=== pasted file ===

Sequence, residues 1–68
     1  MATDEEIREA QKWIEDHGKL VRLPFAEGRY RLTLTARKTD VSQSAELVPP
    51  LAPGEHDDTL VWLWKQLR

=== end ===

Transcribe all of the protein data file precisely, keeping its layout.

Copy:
Sequence, residues 1–68
     1  MATDEEIREA QKWIEDHGKL VRLPFAEGRY RLTLTARKTD VSQSAELVPP
    51  LAPGEHDDTL VWLWKQLR